In April 2020, Amanda and Adam Petrzelka’s five-year-old son Owen was his typical self: making others laugh with his Rodney Dangerfield-like sense of humor, playing nicely with his little sister and brother, and lighting up the room with his infectious giggle.
“It all happened so fast,” Amanda remembers. “He rode his scooter to his grandparents’ house on Easter Sunday. By Tuesday, he couldn’t stand.”
The family took Owen to Lurie Children’s to be evaluated, where an MRI revealed devastating news: Owen had an incurable brain tumor known as diffuse intrinsic pontine glioma, or DIPG.
DIPG is a rare form of cancer, constituting 15-20 percent of childhood brain tumors. There is no cure or effective treatment beyond radiation therapy for DIPG, which provides only temporary relief from symptoms, if any.
While Amanda and Adam grieved privately, they followed Owen’s lead as he began radiation therapy at Lurie Children’s Brain Tumor Center.
“He really was a wise kid,” Amanda says. “We had to match his strength. When he got sick, he did not complain. He did not know what was happening, or why he couldn’t walk anymore. He called his walker his ‘cute little walker’ and was comfortable being ‘close to the action’ during family kickball games.”
Together, the family focused on creating moments of peace and making memories with Owen. In the summer of 2020, they rented houses in Wisconsin and Michigan, where Owen loved to sit outside, roast endless s’mores, ride pontoon boats, and watch the water.
His dream was to experience life on the road in “a house car,” as he called it, or an RV – so the family rented one to drive from their home in Oak Park to Minnesota together.
Although COVID-19 limited the ability to socialize, Owen visited with his friends in his backyard, playing cards or squeezing water balloons.
“You so often hear stories of survival and warriors and super tough kiddos, being able to get through really hard treatments and later thriving,” Amanda says. “I just kept thinking that this couldn’t be possible: We caught this early, we’re at a great hospital. It was very hard to re-train your brain to stop thinking, ‘We’ll get through the tough stuff, he’ll be well and he’ll go back to first grade.’ We had to accept that we were going to lose him.”
Owen passed away in October 2020 after braving six months of treatment and making joyful memories with his family and friends and the broader community that rallied behind him.
As they continue to cope with the loss of their son, Amanda and Adam are working hard to support families like their own by advocating for pediatric brain tumor research.
Because federal funding supports only four percent of total pediatric oncology research, philanthropy is crucial to the ability to better understand and more effectively treat cancers in children, especially brain cancers.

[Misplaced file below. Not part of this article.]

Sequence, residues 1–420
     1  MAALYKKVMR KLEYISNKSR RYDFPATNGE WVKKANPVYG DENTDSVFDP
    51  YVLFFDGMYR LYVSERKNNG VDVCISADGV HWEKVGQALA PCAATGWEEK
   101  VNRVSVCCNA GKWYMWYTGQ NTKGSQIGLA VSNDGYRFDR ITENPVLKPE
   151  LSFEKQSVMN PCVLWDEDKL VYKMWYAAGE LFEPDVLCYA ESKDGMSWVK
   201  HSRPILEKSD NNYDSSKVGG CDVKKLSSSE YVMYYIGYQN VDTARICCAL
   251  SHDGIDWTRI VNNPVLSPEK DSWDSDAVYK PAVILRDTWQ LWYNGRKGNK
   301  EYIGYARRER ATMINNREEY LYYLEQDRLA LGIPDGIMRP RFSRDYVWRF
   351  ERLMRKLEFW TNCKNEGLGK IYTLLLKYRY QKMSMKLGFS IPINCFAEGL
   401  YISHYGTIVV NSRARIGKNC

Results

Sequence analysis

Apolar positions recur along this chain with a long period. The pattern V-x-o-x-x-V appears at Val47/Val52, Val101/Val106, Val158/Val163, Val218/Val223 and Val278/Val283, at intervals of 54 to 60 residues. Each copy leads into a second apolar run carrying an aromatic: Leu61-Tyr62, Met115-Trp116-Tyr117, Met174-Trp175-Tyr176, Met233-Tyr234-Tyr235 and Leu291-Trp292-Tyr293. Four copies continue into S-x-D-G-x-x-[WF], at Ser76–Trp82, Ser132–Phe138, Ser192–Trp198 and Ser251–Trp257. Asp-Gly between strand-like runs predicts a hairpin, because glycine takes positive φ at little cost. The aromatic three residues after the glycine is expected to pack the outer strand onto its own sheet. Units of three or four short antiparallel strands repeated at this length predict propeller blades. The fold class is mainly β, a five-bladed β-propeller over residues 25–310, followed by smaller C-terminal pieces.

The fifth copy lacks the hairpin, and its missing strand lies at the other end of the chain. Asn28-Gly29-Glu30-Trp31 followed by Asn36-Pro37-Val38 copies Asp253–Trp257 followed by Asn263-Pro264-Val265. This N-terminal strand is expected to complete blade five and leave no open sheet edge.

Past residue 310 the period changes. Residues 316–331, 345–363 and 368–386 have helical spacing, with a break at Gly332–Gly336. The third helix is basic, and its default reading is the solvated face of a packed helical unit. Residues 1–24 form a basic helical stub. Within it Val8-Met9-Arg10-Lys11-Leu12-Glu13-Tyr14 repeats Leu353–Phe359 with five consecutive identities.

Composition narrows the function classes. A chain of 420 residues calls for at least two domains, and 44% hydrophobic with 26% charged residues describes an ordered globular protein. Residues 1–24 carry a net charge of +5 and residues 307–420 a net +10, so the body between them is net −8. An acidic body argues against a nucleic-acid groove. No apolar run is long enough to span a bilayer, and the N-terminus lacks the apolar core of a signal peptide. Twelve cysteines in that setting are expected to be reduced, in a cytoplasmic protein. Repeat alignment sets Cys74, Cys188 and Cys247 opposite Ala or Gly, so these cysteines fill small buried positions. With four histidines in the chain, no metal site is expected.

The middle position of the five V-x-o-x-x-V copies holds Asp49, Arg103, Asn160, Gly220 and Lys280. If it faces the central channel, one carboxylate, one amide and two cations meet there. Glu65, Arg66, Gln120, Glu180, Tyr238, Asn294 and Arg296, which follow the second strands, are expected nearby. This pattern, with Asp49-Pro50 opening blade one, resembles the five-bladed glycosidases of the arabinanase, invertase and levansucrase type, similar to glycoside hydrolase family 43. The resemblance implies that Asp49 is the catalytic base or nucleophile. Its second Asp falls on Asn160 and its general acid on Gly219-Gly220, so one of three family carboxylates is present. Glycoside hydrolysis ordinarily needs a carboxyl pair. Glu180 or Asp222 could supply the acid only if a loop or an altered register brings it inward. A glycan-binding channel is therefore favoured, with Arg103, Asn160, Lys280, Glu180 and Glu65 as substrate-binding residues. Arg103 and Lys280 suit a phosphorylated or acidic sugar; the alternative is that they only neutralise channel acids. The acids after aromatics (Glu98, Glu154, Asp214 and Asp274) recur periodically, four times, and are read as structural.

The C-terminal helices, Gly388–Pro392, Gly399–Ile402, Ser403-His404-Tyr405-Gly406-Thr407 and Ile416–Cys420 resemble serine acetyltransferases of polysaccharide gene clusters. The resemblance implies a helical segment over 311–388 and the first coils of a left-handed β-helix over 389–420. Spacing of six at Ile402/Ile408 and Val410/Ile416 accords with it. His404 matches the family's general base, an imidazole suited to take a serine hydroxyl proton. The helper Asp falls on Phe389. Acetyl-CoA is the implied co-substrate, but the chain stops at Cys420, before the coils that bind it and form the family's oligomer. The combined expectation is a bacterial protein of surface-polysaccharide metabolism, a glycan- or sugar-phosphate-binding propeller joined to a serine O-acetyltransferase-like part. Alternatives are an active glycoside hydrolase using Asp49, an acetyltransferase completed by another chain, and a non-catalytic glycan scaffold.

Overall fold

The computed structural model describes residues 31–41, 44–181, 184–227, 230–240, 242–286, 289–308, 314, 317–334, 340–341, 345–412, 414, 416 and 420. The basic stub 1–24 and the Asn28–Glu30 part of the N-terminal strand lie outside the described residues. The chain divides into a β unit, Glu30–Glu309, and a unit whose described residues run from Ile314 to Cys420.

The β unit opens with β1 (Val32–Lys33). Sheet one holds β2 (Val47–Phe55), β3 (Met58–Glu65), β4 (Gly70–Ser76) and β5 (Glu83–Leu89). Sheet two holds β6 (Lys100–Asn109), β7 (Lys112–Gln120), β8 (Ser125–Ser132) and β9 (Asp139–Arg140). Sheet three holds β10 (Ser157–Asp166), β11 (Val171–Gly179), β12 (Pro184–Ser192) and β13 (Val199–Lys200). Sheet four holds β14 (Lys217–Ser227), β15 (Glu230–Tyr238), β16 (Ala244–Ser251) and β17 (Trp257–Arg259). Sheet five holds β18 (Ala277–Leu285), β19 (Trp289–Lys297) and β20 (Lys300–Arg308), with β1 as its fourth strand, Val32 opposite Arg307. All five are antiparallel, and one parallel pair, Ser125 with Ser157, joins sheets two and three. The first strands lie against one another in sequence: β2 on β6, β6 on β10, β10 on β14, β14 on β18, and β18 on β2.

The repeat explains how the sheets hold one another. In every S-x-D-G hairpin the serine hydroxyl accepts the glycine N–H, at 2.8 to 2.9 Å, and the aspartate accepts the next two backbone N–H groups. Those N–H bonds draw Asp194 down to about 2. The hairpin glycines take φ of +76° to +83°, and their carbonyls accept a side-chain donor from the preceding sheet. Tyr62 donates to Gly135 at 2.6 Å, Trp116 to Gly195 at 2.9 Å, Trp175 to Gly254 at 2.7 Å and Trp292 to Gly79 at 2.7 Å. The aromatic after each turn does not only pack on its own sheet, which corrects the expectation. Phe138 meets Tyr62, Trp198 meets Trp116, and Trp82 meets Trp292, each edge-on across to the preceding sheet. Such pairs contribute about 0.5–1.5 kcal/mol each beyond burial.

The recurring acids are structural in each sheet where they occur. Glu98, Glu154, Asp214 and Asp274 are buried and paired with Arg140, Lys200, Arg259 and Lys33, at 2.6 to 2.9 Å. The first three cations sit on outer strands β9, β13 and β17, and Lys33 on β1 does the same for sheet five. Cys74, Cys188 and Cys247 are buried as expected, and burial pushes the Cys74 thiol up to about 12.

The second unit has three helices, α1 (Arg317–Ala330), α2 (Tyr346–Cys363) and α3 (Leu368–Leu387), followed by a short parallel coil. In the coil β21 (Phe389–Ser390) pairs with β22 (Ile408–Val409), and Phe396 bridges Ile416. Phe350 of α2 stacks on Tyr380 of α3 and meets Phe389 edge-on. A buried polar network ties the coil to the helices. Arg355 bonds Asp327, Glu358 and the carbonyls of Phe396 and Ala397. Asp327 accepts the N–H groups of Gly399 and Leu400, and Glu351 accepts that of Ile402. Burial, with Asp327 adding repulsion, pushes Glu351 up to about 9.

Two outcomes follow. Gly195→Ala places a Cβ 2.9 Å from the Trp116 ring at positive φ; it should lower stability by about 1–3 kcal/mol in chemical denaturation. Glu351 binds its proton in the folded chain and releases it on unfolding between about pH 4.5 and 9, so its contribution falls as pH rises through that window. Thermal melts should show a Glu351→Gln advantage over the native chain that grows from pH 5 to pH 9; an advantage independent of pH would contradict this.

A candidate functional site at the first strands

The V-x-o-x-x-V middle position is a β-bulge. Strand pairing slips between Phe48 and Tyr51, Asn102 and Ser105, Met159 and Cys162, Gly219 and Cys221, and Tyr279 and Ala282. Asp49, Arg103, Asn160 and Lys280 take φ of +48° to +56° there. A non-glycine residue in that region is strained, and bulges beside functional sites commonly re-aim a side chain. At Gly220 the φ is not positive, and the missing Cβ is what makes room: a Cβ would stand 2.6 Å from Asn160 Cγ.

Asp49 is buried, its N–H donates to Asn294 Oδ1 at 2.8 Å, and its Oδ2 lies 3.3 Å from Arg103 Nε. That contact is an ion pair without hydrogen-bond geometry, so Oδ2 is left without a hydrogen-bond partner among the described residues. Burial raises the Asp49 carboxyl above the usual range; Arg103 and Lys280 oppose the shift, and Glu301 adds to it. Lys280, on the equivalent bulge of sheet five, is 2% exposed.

The family works with Lurie Children’s neuro-oncologists to lobby for more government funding for DIPG. Their advocacy also supports organizations, such as ChadTough Defeat DIPG Foundation and Smashing Walnuts whose work focuses on advancements in treatments and a cure for DIPG, as well as government lobbying, respectively.
“I have to think there’s a reason that Owen is ours and that’s because I will fight and do whatever I can so that other parents don’t have to go through this,” Amanda says. “If everyone grieves in a unique way, my way is that I have to do something immediately. If I don’t try to put this energy toward something greater that will have a bigger impact, I will just crumble.”
As the family pushes for a cure for DIPG, Owen’s memory encourages them. “He was a really awesome kid,” Amanda says. “He was really funny and he always made everybody laugh. He was kind and thoughtful and cared deeply about other people – his friends, his siblings, his cousins, his classmates – the list goes on.”
The Petrzelka family knows the naturally good-hearted Owen would approve of their mission to save kids like him.
This spring, on his kindergarten playground, his school community donated a buddy bench engraved with one of their favorite ‘Owen-isms’: “Let’s be kind.”
Our multidisciplinary team of physician-scientists develops and participates in innovative research to offer new treatments, improve the standard of care and increase knowledge about the biology of brain and spinal cord tumors. Research is a central component to our center’s mission. Our efforts are focused on clinical trials, basic and translational research, and quality of life and patient outcomes research.
Our goal is to optimize treatments for our patients and learn how current treatments affect each patient’s quality of life. We collaborate with the Center for Patient-Centered Outcomes at Northwestern University Feinberg School of Medicine on this research initiative.